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A frameshift mutation affecting the carboxyl terminus of the simian virus 40 large tumor antigen results in a replication- and transformation-defective virus

A frameshift mutation affecting the carboxyl terminus of the simian virus 40 large tumor antigen results in a replication- and transformation-defective virus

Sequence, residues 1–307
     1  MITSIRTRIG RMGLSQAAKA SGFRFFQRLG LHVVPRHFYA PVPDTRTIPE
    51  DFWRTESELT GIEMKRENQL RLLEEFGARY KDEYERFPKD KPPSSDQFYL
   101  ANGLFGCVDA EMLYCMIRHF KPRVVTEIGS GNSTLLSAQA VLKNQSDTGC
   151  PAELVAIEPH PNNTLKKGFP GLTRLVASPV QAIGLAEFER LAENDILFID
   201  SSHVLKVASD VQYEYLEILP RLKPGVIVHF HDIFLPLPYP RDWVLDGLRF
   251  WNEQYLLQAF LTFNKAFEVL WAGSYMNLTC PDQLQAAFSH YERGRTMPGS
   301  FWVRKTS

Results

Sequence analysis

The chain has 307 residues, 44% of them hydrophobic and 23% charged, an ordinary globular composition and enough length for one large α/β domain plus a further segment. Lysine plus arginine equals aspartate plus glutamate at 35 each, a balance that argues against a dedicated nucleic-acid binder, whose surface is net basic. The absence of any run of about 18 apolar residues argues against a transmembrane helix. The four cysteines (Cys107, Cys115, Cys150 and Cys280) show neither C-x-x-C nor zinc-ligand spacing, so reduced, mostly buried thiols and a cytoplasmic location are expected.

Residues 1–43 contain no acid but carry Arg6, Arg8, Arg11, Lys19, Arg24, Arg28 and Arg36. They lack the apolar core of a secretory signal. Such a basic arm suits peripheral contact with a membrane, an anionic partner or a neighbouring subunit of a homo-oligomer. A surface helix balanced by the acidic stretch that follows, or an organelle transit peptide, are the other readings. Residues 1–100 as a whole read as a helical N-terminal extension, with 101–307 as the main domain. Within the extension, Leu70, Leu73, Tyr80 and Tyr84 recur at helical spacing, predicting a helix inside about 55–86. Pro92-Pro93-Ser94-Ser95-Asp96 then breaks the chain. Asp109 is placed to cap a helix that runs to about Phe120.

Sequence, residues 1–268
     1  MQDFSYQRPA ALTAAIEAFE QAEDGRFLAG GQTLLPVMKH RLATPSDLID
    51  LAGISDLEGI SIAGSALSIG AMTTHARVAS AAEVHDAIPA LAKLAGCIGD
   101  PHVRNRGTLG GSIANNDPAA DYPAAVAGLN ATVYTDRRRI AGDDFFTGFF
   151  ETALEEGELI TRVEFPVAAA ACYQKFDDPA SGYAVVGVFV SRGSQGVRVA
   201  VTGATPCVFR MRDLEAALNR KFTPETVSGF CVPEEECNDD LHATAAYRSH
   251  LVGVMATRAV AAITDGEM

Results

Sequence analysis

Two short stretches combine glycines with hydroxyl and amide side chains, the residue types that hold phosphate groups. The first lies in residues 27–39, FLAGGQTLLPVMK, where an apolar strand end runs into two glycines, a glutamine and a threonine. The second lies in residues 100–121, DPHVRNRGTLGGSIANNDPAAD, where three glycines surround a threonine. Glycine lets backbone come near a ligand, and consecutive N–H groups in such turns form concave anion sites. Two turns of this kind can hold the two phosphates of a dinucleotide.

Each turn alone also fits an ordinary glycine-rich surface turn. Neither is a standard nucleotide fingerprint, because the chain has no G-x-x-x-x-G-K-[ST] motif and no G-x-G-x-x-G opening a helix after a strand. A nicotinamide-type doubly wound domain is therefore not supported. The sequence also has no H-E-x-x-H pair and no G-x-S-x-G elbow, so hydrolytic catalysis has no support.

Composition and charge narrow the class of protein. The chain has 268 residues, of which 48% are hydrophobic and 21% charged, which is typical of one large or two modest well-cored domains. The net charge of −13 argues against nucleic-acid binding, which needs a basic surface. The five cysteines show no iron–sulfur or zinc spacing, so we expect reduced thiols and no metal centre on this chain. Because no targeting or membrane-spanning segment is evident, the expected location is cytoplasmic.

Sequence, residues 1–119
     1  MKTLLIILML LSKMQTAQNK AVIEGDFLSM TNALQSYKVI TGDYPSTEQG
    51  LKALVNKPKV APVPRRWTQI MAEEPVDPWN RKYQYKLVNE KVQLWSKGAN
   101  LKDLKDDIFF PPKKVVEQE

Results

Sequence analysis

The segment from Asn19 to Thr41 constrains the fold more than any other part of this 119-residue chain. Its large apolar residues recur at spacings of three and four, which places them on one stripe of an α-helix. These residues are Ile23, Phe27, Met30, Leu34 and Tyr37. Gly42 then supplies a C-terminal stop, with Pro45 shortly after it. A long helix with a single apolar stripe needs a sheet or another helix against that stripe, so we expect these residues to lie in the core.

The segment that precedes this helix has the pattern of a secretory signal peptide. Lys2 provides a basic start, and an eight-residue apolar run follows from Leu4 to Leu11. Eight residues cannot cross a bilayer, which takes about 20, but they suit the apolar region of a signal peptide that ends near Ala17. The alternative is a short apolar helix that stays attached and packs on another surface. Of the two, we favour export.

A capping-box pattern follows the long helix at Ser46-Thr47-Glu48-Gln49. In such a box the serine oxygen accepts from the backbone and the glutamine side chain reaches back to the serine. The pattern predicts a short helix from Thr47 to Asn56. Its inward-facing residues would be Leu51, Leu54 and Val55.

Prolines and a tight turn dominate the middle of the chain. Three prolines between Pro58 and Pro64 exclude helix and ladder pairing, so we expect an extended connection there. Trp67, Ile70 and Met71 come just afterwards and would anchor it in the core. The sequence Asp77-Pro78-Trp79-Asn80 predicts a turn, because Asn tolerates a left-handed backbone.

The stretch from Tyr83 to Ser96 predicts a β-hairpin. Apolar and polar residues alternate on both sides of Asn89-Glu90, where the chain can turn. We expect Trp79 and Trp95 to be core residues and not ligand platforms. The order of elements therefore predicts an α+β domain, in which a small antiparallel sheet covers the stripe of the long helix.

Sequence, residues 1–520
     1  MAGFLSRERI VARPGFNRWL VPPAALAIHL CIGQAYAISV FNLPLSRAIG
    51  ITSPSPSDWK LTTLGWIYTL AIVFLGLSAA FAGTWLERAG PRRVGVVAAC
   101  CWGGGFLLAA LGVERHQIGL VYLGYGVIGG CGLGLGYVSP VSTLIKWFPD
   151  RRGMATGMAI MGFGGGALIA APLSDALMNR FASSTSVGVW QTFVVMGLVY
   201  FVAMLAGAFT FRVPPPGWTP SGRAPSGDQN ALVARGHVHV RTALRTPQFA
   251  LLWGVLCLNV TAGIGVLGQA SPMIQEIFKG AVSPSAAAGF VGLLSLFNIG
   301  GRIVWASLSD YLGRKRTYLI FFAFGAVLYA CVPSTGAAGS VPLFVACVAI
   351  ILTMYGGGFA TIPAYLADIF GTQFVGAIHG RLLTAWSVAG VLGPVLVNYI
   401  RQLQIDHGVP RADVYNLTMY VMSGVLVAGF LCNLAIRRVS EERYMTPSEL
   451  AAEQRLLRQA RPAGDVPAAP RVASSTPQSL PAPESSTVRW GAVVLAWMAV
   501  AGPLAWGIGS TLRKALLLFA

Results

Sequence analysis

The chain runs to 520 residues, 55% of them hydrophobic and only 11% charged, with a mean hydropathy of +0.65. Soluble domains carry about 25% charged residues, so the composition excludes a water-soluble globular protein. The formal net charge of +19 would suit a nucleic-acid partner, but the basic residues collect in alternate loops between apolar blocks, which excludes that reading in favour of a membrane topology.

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  Proc.Nati. Acad. Sci. USA Vol.80, pp. 7065-7069, December 1983 Biochemistry A frameshift mutation affecting the carboxyl terminus ofthe simian virus 40 large tumor antigen results in a replication- and transformation-defective virus  synthetic oligonucleotide/site-specific mutagenesis/alternative reading frame/variant tumor antigen) E. DIANN LEWIS*, SUZIE CHEN*, ASHOK KUMARt*, GEORGE BLANCK*, ROBERT E. POLLACK*, AND JAMES L. MANLEY* *Department of Biology, Columbia University, New York, NY 10027; andtApplied Biosystems, FosterCity, CA 94404 Communicated by Cyrus Levinthal, July 15, 1983 ABSTRACr We have constructed a frameshift mutation in thesimian virus 40 earlyregionusing anovel method of oligonucleo-tide-directed mutagenesis. The mut te DNA specifies an 84,000- daltonlarge tumor antigen that consists of =75,000 daltons en- coded by the wild-type reading frame and 9,000 daltons, by the alternative reading frame (wild-type large tumor antigen is =82,000 daltons). The frameshiftedcarboxylterminusofthe proteinbears a strong similarity to the same region of polyoma virus middle-sized tumor antigen. We have found that the mutant DNA is unable to replicate when introduced into permissive monkey cells and in- capable of transforming nonpermissive mouse cells. Polyoma virus encodes three tumor  T) antigens-a small, a middle-sized, and a large-whereas simian virus 40 (SV40) ap- parently encodes onlya large and a small T antigen  1). The polyoma middle-sized T antigen appears to be necessary and sufficient to bring about thetransformation of cells intissue culture. Recombinant plasmids that containthe promoter prox- imal part of the polyoma early region but lack the distal part  i.e., are unable to encode large T antigen)areable to transform rat cells in tissue culture withhigh efficiency  2,3). In addition, plasmids containingtheinformation to encode only middle-sized T antigen transform ratcells with nearly the same efficiency, and to the same extent  i.e., ability to grow in softagar), as does wild-type polyoma  4). However, very littleis known about the biochemical function s) of middle-sized T antigen. It is a 50-ki- lodalton (kDa) phosphoprotein, contains a tightly associatedprotein kinase activity  5-7), and is localized predominantly in the plasma membrane  8, 9). Deletion mutations that affect the carboxyl terminus of middle-sized T antigen greatly reduce transformation efficiency  10). This regionoftheproteincon- sists of anunusual string of six consecutive glutamic acid res- idues followed by an extremely hydrophobic region, which is responsible for the membrane localization ofthe protein and is also required for thetransformation and associated protein ki- nase activities  11). Because SV40 does not encode a middle-sized T antigen, the ability of this virus to transform cells must reside withthe large or the small T antigen. Mark andBerg  12) pointedout the ex-istence of anapparently unused reading frame located near the 3 end ofthe SV40 earlyregion. The amino acid residuesen- coded by it woul be extremely hydrophobic (nearly 60 ofthe codons specify hydrophobic  mino acids). Also, at the start of the regionwith two alternative reading frames, but in the large T-antigen readingframe,there is a stretch of six codons that encode consecutive acidic amino acids. This sequence arrange- ment bears an obvious and strikingsimilarity to the sequence found in the polyoma middle-sized T antigen, suggesting that SV40 may contain theinformation to produce a  middle-sized T antiger.- However,- noe exists icnthat secondreading frame is used, either in lytic infection or in transformed cells  13,14). To directly address the possible functionof this unassigned readingframe, we haveused site-specific invitro mutagenesis to constructaspecific frameshift mutation in the SV40 genome. Below we discuss the construction of this mutant by a novel method and describe some of its properties in lytic and trans- forming infections. MATERIALS AND METHODS DNA. Two recombinant plasmids were used as starting ma- terial. One, pSVRI, consists of the entire SV40 genome in- serted in the EcoRI site of pBR322. The other, PSVBgl-ga, con- tains the SV40 earlyregion inserted in the BamHI site of pBR322  15). Plasmid DNA was routinely grown in Escherichia coli HB101 and purified by standard procedures  16). The penta- decamer 5' G-A-C-A-G-C-C-G-G-A-A-A-A-T-G 3' was chem- ically synthesizedusing amino phosphite triester chemistry es- sentially as described  17). Construction of the Frameshift Mutant. Ten micrograms of PSVBglgBam was digested to completion with EcoRI and then treate4 with- 100 units of exonuclease III for 15 min at 320C. The extentofdigestion was monitored by agarose gel electro- phoresisof aliquots of DNA  1 ,gg) following denaturation with glyoxal  18). The conditions described above resulted in the re- moval of -2,500 nucleotides from each end of the DNA. A 0.5- pmol sample ofpurified DNA and 50 pmol of phosphorylated oligonucleotide were dissolved in 5 t.l of10 mM Tris HCl  pH 7.5), and 5 ,ul of 200 mM NaCI/100 mM Tris HCl, pH 7.5/50 mM MgCl2/2 mM dithiothreitol was added. The solution was heated to 700C for 5 min and then placed on icefor 45 min. Ten microliters of a solution containing 1 mM dATP/dCTP/dGTP/ dTTP, 1 mM ATP, 1 mM dithiothreitol, 0.5 unit of DNA poly- merase I Klenow fragment, and 1,000 units  as defined by sup- plier, New England BioLabs) of T4 DNA ligase was addedand the reaction mixture was incubated at 250C for 4 hr. A high con- centration of ligase and a relatively low concentrationof poly- meraseminimize strand displacement at the site of the hy- bridized elongated oligonucleotide, which canotherwise reduce recovery ofthe desired mutant. DNA was purified by phenol Abbreviations: T antigen, tumor antigen; SV40, simian virus 40; kDa, kilodalton s). t Present address: Department of Anatomy, University of Texas, San - Antonio, TX 78284.- 7065 The publication costs of thisarticle were defrayed in part by page charge payment. This article must therefore behereby marked  advertise- ment in accordance with 18 U.S.C. §1734 solely to indicate thisfact.  Proc. Natl. Acad. Sci. USA 80 (1983) extraction and, after two ethanol precipitations, dissolved in 50 Al of 10 mM Tris1HCl, pH 8.0/1 mM EDTA, and a fraction was used to transformCaCl2-treated E. coli HB101 cells  16). Plas- mid  minipreps 16) were preparedfrom 5-ml culturesof am- picillin-resistant colonies. DNAs were assayed for size and for the presence and, if detected,the location of a new restriction site (Hpa II). The nucleotide sequence in theregion ofa suc- cessfully inducedmutation was determined by using the method of Maxam and Gilbert  19); a Bcl I restriction site (0.19 map units) wasused for DNA 5'-end labeling. Mutant alleles were transferred into plasmids containinga complete SV40 genome by first purifying from the mutated plasmid, by polyacrylamide gelelectrophoresis, a 433-base-pair fragment extending from the uniqueBcl I site to a Pst I site at 0.27 map units. pSVRI was digested to completion with Bcl I and partially with Pst I and then incubatedwith calf intestinal phosphatase; 2 ktg of this DNA was mixed with 0.4 tug ofthe purifedmutated frag- ment, and the sample (20 1Ld was incubatedwith T4 DNA ligase for 4hr at 16TC. An aliquot of this DNA was then used to trans- form E. coli HB101, and the correct plasmid was identified by restriction enzyme analysis. Cells  n DNA Transfection. NIH 3T3, BSC-1,CV-1, and COS-1 cells -were grown in Dulbecco's modified Eagle's me-dium supplemented with penicillin, streptomycin, and 10 fe- tal calf serum. The DEAE-dextranmethod  20) was used to transfect BSC-1,CV-1, or COS-1 cells, while the calcium phos- phate method  21) wasused for NIH 3T3 cells. Twenty-four hours after transfection, NIH 313 cells were plated at 105/60-mm Petri dish for low serum selection of dense foci  22). Three weeks later, several clones were pickedwith steel cloning ringsfor further analysis. Foranchorage-independent selection, 105 cells were plated in 0.33 agarose on 60-mm plates previouslycoatedwith 0.5 agarose. After 3-4 wk, colonies > 0.2 mm in di- ameter were picked.Replication and Production of Virus by the Cloned DNA. DNA replication was measured by Southern blot analysis  23) of DNA extracted by the method of Hirt  24) from transfected cells 4 days after additionof DNA. To assay virus production, cells and medium were collected 10 days aftertransfection. In- tact cells were lysed by freezing and thawing three times, and the resulting lysates were used to infect fresh monolayers of CV-1 cells. Immunofluorescence and Immunoprecipitation. Cells grown on coverslips were fixed and stained as described  25). Both tumor serum andmonoclonal antibodies against either the amino or the carboxylterminus of SV40 large T antigen  26) were used in this assay. [3S]Methionine-labeled cell extracts were pre- 5163  G TGATG pared andimmunoprecipitated with either normalhamster serum or hamster anti-SV40 tumor serum and proteins were analyzed on 10-20 NaDodSO4/polyacrylamide gradient gelsas de- scribed  27). RESULTS In Vitro Construction of a Specific Frameshift Mutation. The scheme that we devised to bring about aframeshift mu- tation (-1) in the SV40 early region is illustratedin Fig. 1. In addition to creatinga new Hpa II site, the desired single base- pair deletiondestroys a BstNI site. Both of these predicted changes, andno others, were observed  results notshown). DNA sequence analysis confirmed that nucleotide 2,899 [SV40 nu- cleotide numbering system of Buchman et al.  28)] had been deleted  Fig. 2), and no additional changes were detected. After reconstruction of a complete viral genome, SV40 sequences were freed from the mutant (pSVRIH) and wild-type plasmids (pSVRI) by digestion withEcoRI. This DNA was then used in subse- quent transfection experiments. Expression of a Variant T Antigen in Monkey Cells. The frameshift mutant produced a T-antigen-related polypeptide in monkey kidney cells, as determined by indirect immunofluo- rescence  26). The intensity of staining observedwas similar in both wild-type- and mutant-transfected cells, as was the in- tranuclear localization ofthe T antigen. Transfection with wild- type DNA gave rise to approximately twice as many T-antigen- positive cells as did transfection with the mutant DNA (Table 1 . Similar results have been obtained with both polyclonal an- titumor serumand a monoclonal antibody directed against the amino terminusof T antigen (Pab 416; ref.25). However, when monoclonal antibodies with specificityfor thecarboxyl termi- nusof T antigen were used (Pab 423 or405; ref.25), staining withmutant-transfected cells was negative and similar to that with cells that had notreceived viral DNA  results not shown). The structure ofthe T antigen synthesized in transfected monkey cells was examined more directly by NaDodSO4 gel electrophoresis of immunoprecipitatesof extracts prepared from [3S]methionine-labeled transfected cells. Fig. 3,  lanes A and B)displays the proteins precipitated with anti-T antisera. Cells that hadbeen transfected with wild-type DNA synthesized a protein withanapparent molecular mass of 94 kDa as expected  lane A). The apparentmolecular mass of the variant T antigen synthesized in response to the frameshift DNA is 82-84 kDa  lane B). This was somewhat surprising, because the predictedamino acid sequence of theframeshift variant indicates that this protein should contain19 amino acids more thanthe wild-type protein  refs. 12 and 28; see also Fig. 2). However, wild-type ff iff 2693 TAA 2899 2633 N Irv TAA GAC AGCCAG GAA .... asp ser gin glu v GAC AGCCGG AAA.... asp serpro lys FIG. 1. Schematic diagram of the earlyregion of SV40. *, Large T antigen and frameshift protein coding sequence; 0, codingregion altered from the wild type by deletion of basepair 2,899. _   7066 Biochemistry: Lewis et A   r- IA -T P  Proc. Natl. Acad. Sci. USA 80 (1983) 7067 Bam PSV40 I -Bam Bam Bgl I   7 Eco RI Exo m  partial digestion) I 47I Hybridize Synthetic Oligonucleotide DNA Polymerase, Large Fragment T4 DNA LigaseTransform E. Coli HB101Screen Colonies with Hpa X   (New Restriction Site)Replace Wild-Type Allele with Mutant Allele pOR322 (t 47 \/1 II than wouldbe predicted from the size ofthe deletions  32,33). The dramatic size difference between the wild-type and frame- shift T antigens observed here provides strong evidence that the carboxylterminus of T antigen is indeed responsible for the anomolous migrationof the wild-type protein in NaDodSO4 gels. The amounts of T antigen detected by immunoprecipitation in response to both DNAs were comparableand consistent with the immunofluorescence data(Table 1). The Frameshift Mutant Is Nonviable. Several studies have shown that in-phase deletionscovering the region downstream ofthe frameshift are completely viable  32, 34-36), as is one that results in premature chain termination in this region as a result of a frameshift into thethird possible reading frame  36). Wild-type and frameshift DNAs were transfected into BSC-1 monkey cells and, 10 days later, lysates were prepared. Ali- quots of these lysates were used to infect monolayers of BSC- 1 cells, and the titers of virus in the cell lysates were deter- mined by plaque assay. The results show that no plaques were obtained from the frameshift mutant,stronglysuggesting that this mutant is totally nonviable (Table 1). An alternative method for determining viability is to mea- sure T-antigen production by immunoprecipitation after infec- tion. For this, cells were labeled with [3S]methionine 48 hr after treatment with lysates obtainedfrom the transfected cells. The results  Fig. 3, lanes C andD) confirm theconclusions from the plaque assay: no T-antigen synthesis was detected in the cells treatedwith the lysate obtainedfrom theframeshift mu- tant-transfected cells. These results establish that the frame- shift mutation results in synthesisof a T antigen incapable ofgiving rise to a productive infection. The nature ofthedefectappears to reside in the inability ofthe variant T antigen to bring about viral DNA replication. The results of Southern blot analysis of viral DNA obtained by the Hirt procedure 4 days after transfection into COS-1 or CV-1 monkey cells are shown in Fig. 4. Although the frameshift DNA was replicated efficiently in COS-1 cells (lane 2), which contain a functional T antigen  37), no replicationof this DNA could be detected in CV-1 cells (lane 5). These resultsestablish that the T antigen encoded by the frameshift DNA is defective for DNA replication. The Frameshift Mutant Is Transformation Defective. To determine whether the frameshift mutation affects the ability FIG. 2. Protocol for in vitro mutagenesis. T antigen migrates anomalously on NaDodSO4 gels, because its predictedmolecularmass is 82 kDa. This anomalous migration is apparently not due to post-translationalmodification, be- cause T antigens synthesized in various invitro systems also display this same anomolous migration  29,30). The sequencesresponsible forthis property are located at the carboxyl ter- minus of the protein  31). Studieswith viable mutants con- taining small in-phase deletions in this region show that the ap- parent molecular weights of T antigen reduced significantly more Table 1. Transfection of wild-type and frameshift DNAs into monkey kidney cells   cells T-antigen Virus titer, DNA positiveafter 48 hr pfu/ml pSVRI 10.77 x 107 pSVRIH 5.3 0 Results are means of three separate experiments. pfu, plaque-form- ing unit s). NTNT M A B 95- 6 9 30.m 30 NT NT M   D NT M  i _  i 12.3 - FIG. 3. [35S]Methionine-labeled cell extracts from BSC-1 cells transfected with pSVRI (lane A) or pSVRIH (lane B) immunoprecipi- tated with normal hamster serum (N) or hamster anti-SV4O tumor serum  T) and analyzed ona 10-20 NaDodSO4/polyacrylamide gel. Lanes C and D, extracts, from BSC-1 cells were made 48 hr afterinfection with lysates from either pSVRI (lane C) or pSVRIH (lane D) transfection;lane E, NIH 3T3 transformed withboth pSVRIH and pSVRIori- plas- mids; lanes M, markers (kDa). Note the 94-kDa large T antigen con- tributedby pSVRIori- and the 82- to 84-kDa protein from pSVRIH  ar- row). k   -11. 1.111. XI. x   Biochemistry: Lewis et al. 4v9  Proc. Natl. Acad. Sci. USA 80 (1983) FiG. 4. Analysis of DNA aftertransfection. Autoradiogram of Southern blots of pSVRI  RI), pSVRIH (H), and pSVRIori-  ori-) DNAs transfected by the DEAE- dextran method into COS-1 and CV-1 cells. DNA was harvested 4 days later. Themarker lane (M) contains form I supercoiled, and form II relaxed circular, SV407DNA. of the viral DNA to transform nonpermissive mouse cells, wild- type andmutant DNAs were transfected into NIH 3T3 cells and, 48 hr later, samples ofthe cells were stained for T antigen detection by indirect immunofluorescence. The results (Table 2) are in contrast to those obtained when transfected monkey cells were similarly examined (Table 1). The percentage of flu- orescent cells in the mutant-transfected cells was =5 of that of wild-type-transfected cells. The transforming potential of the DNA was determined by measuring the capacity ofthe transfected cells to give rise to bothdense foci and anchorage independent clones (Table 2). The results establishthat the frameshift DNA is much less ef- ficientat bringing about cellular transformation than is wild-type SV40 DNA. The reduction to <1 of that observed for wildtype may in fact representan overestimateof the ability of this mutant to transform cells: although all of the transformed clones obtainedgave rise to a high percentage of cells that were ini- tially positive for T-antigen immunofluorescence, subsequent staining ofthe same clones after passage showed all to be neg- ative. Concomitantly, the ability of these cells to grow to high density or in agarose was lost. The basis of this unusualbe-havior is currently unknown. We considered the possibility that establishment or maintenance ofthe transformed state might requirethe 94-kDa wild-type T antigen but that the frameshift variant protein might facilitate or enhance this process. To test this idea, NIH 3T3 cells were cotransfected with theframeshift mutant DNA plus a SV40 genome that had been liberated from Table 2. Transfection of wild-type and frameshift DNAs into mouse fibroblasts   cells Anchorage- T-antigen Dense foci, independent positive no. per clones, no. DNA after 48hr 106 cells per 106 cells pSVRI 0.2 130 75 pSVRIH 0.01 1 1 pSVRIori- 0.2 105 70 pSVRIori-/pSVRIH 0.21 100 65 Results are means of at least two independent experiments. A total of three dense foci and two anchorage-independent clones was isolated from transfections with pSVRIH. anotherplasmid, pSVRIoriF. This plasmid contains an intact SV40 genome with a smallsubstitution at the srcin of DNA replication  15). The consequences of this mutation are that the viral DNA is notreplicated in monkey cells and, in mouse cells transformed with this DNA, the only largeT-antigen species observed is the 94-kDa protein; i.e., the 100-kDa super T an- tigen invariably observed in anchorage-independent trans- formed mouse cells  27) is not produced  15). The results in Table 2 show that thetransformation fre- quencies obtained are not influenced by the presence oftheframeshift DNA. Thisfinding argues that theframeshift pro- tein is not able to increase the efficiency ofestablishment oftransformation by wild type and that themutation is recessive with respect to thetransformationfunctionof T antigen; That transformed cells actuallycontain and express both DNAs was ascertained by analysis of the [3S]methionine-labeled proteins precipitable with anti-T antisera. An example of such an anal- ysis is contained in Fig. 3  lane E), which shows that both wild- type and frameshift T antigens were synthesized. Although all of the >20 independent clones analyzed produced both T an- tigens, in all cases the amount of wild-type protein was much greater thanthe amount of variantprotein. These resultsare consistent with the hypothesis that the frameshift protein is un- stable in mouse cells. DISCUSSION Construction of a Specific Single-Base-Change Mutation by Use of Oligonucleotide-Directed Mutagenesis. The method that we have developed for oligonucleotide-directed in vitro mu- tagenesis is based on those used by others (38-40) but offers several significant advantages. First, the method uses pBR322- derived recombinant plasmids as starting material. This allows for the straightforward mutagenesis of relatively large DNA fragments. The use of large DNA fragments can be especially advantageous if large genes, transcription units, or, in this case, viral genomes are to be reconstructed after oligonucleotide-di- rected mutagenesis. Second, the steps required to convert the plasmid into a substrate for mutagenesis are straightforward  Fig. 1 . The partial exonuclease III digestion can be easily con- trolled, and the extent of degradation can be readily monitored by denaturing agarose gel electrophoresis. Third, only rela- tively shortstretches of DNA need to be synthesized by DNA polymerase  see Fig. 1 . With other techniques, which require that a large single-stranded circular molecule be converted to a covalently closed double-stranded circle, this synthesis can be a limiting step. Finally, the method is quite efficient. We have found that, when reactions are carried out as described in Ma- terials and Methods, 5-10 oftheclones isolated after trans- fection contain thedesired mutant plasmid. A Frameshift into the Carboxyl-Terminal Alternative Reading Frame Inactivates Large T Antigen. Our initial hy- pothesis was that the frameshift large T antigen might function analogously to the polyoma middle-sized T antigen and perhaps facilitate or enhance transformation of nonpermissive mouse cells. However, the results shown here suggest that the op- posite may in fact be true: theframeshift protein appears to be grossly defective in its ability to bring about cellulartransfor- mation, as measured by standard assays. The molecular basis for this defect is not yet clear. A number of studies have ana- lyzed the effects ofdeletion mutations in this region on trans- formation  32-36). Among those studies, the entire region downstream of theframeshift mutation described here has been deleted, although none of the mutations results in a frameshift into the long open reading frame. None ofthese mutations af- fect in any detectable way the transforming potential of the re- sulting T antigens. Such observations suggestthat the frame- cos-I cv- I   E M   I- I- 1 U 2   5 6 7068 Biochemistry: Lewis et A  Proc. Natl. Acad. Sci. USA 80 (1983) 7069 shift protein is defective not because required amino acids are not present but rather, because the amino acids encoded as a result ofthe frameshift are in fact deleterious in some way. The franeshift mutant is also totally nonviable when the DNA is introduced into CV-1 monkey cells, apparently because it is completely unable to bringabout viral DNA replication. This result is somewhat surprising, because the carboxyl terminal deletions studied by others that are transformation positive are also completely viable. However, it is noteworthy that many ofthesedeletions  at least eight different mutations; see refs. 32, 34, and 35) were selected for viability, and all ofthese have proven to be in phase. Two other viable mutants were not selected for viability, but neither results in a frameshift into the long open reading frame  36). These findings are consistent with theidea that specific amino acids downstream from the site ofthe frameshift mutation are not required for lytic growth but the sequences encodedby the alternative reading frame are  poi- sonous to T-antigenfunction. How do these.carboxyl-terminal sequences inactivate T an- tigen? They do not appear to change the nuclear localization of the protein, as judgedby indirect immunofluorescence of fixed cells. Thus, the hydrophobic domain at thecarboxyl terminus of the protein is not sufficient to cause the protein to become associated with the plasma membrane. It may be that, in mouse cells at least, these new sequences render the protein unstable.Thishypothesis is consistent with our observations that only very low levels of this protein can be detected by both im- munofluorescent staining of transfected cells (Table 2) and NaDodSO4 gel electrophoresis of immunoprecipitates obtainedfrom lysates of transformed cells (Fig. 3). It is conceivable that this inability oftheframeshift T antigen to accumulate to wild- type concentrations in mouse cells is sufficient to explain its defect in transformation. However, protein instability is not sufficient to explain the failure oftheframeshift T antigen to function in lytic growth because nearlywild-type levels ofthe protein are found in transfected monkey cells (Table 1 and Fig. 3). Our experiments do not rule out a role for the alternative reading frame in either lytic infection or transformation. The reading frame may be expressed independently of T antigen, for example, to give rise to an -10-kDa protein. Alternatively, a fusion protein may in fact exist, but the precise site at which the frameshift occurs may be crucial and different from the one that we constructed in vitro. Finally, a protein similar to the one analyzedhere may in fact play some role in productive in- fection or transformation, but perhaps we failed to detect this function withthe assays and cells that we haveused to date. Further experiments may reveal such a function. We thank L. Hood and C.Prives for advice and helpful comments on this work. These studies were supported by U.S. Public Health Ser- vice Grants CA 25066, CA33620, and GM 28983. S.C. was supported by National Research Service Award CA 06634. 1. Tooze, J., ed.(1981) DNA Tumor Viruses (Cold Spring Harbor Laboratory, Cold SpringHarbor,NY), 2nd Ed. 2. Israel, M. A., Simmons, D. T., Hourihan, S. L., Rowe,W. F.   Martin, M. A. (1979)Proc.Natl. Acad. Sci. USA 76, 3713-3716. 3. Hassell, J. A., Topp, W C., Rifkin, D. B.   Moreau, P. E. (1980) Proc. Natl. Acad. Sci. USA 77, 3978-3982. 4. Treisman, R., Novak, U., Favalore, J.   Kamen, R. (1981) Nature (London) 292, 595-598. 5. Smith, A. E., Smith, R.,Griffin, B.   Fried, M. 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